This past weekend we set our clocks back one hour as we do every year. Ideally when we get up in the morning it will be a little lighter, and, not so ideally, after we work we'll all be stumbling home in the dark. But why do we do this? Supposedly Benjmain Franklin first proposed daylight saving time (DST) as a way to save candles, but he also suggested waking the public by firing cannons at sunrise, so it's difficult to say how serious he was. The idea in its modern systematized form was first proposed in 1895 at a meeting of the Wellington Philosophical Society by George Vernon Hudson, a New Zealand entymologyst, as a way of maximizing the number of daylight hours people spend at work, and, presumably, lower energy costs for places of employment. It makes sense: if you're looking for ideas that will interfere with everyone's body clocks and make commuters morose, just ask your local entymologyst, right?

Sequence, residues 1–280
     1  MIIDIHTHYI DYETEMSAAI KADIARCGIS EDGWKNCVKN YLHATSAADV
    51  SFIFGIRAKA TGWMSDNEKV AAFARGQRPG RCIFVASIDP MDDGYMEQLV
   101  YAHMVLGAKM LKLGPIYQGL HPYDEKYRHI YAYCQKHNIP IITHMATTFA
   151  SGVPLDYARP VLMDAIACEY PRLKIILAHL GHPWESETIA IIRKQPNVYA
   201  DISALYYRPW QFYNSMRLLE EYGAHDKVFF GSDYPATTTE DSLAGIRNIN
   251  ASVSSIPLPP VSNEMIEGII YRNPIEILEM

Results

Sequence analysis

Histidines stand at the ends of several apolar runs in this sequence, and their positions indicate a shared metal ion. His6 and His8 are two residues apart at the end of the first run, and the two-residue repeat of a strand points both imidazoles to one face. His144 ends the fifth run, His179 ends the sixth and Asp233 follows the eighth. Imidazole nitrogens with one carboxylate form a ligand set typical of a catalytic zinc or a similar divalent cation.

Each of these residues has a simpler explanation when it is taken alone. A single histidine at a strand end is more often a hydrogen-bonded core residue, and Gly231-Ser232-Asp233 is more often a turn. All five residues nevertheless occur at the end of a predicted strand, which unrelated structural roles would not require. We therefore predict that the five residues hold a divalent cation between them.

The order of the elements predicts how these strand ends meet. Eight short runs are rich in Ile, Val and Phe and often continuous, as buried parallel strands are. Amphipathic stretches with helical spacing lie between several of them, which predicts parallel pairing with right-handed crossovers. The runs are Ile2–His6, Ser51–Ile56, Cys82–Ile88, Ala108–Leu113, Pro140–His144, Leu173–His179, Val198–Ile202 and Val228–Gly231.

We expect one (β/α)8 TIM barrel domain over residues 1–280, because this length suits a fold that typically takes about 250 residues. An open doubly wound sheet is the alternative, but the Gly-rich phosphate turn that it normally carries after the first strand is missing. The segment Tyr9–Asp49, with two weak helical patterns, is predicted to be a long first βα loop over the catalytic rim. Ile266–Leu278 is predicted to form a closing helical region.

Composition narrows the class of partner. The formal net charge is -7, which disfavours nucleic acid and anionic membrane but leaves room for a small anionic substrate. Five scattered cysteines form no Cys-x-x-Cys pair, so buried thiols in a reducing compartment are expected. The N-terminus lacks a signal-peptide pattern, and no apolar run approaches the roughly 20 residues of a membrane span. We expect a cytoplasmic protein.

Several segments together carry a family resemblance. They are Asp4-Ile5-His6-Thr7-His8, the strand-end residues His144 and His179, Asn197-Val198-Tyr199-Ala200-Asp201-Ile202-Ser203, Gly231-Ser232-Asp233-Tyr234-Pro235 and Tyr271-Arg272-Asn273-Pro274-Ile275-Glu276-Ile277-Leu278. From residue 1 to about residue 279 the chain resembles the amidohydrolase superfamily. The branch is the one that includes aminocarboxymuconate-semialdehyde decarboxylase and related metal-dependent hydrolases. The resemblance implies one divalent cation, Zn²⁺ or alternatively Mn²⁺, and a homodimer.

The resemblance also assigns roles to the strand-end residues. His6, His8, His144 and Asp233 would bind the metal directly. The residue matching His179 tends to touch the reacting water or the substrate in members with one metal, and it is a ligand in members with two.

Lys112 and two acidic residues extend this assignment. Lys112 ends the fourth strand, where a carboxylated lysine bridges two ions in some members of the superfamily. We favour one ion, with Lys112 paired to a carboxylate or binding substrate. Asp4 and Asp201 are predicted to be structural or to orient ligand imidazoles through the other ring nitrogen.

Germany adopted DST in 1916 to conserve fuel for the war effort. The U.S. Congress adopted daylight saving time in 1918, but it proved to be extremely unpopular and the law was repealed a year later. Then we fast-forward 24 years, when DST was again passed by Congress as a wartime economy measure. And it was actually called as "War Time" and not daylight saving time. This second DST law mandated the practice would expire six months after the war.
Since then the legal history of DST in the US has been a little complicated, but the bottom line is any state or territory can opt out of DST. Hawaii, Arizona, American Samoa, Puerto Rico and the U.S. Virgin Islands do not observe DST.
But what does daylight saving time accomplish? No one actually knows if it saves energy. According to a 2008 study of electric utilities across the country, DST saves 0.5 percent of the nation's electricity per day. On the other hand, after Indiana adopted DST in 2006, economists found a 1% rise in electricity use in the state. And a 2016 study found links between DST and increased incidence of heart attacks and workplace injuries.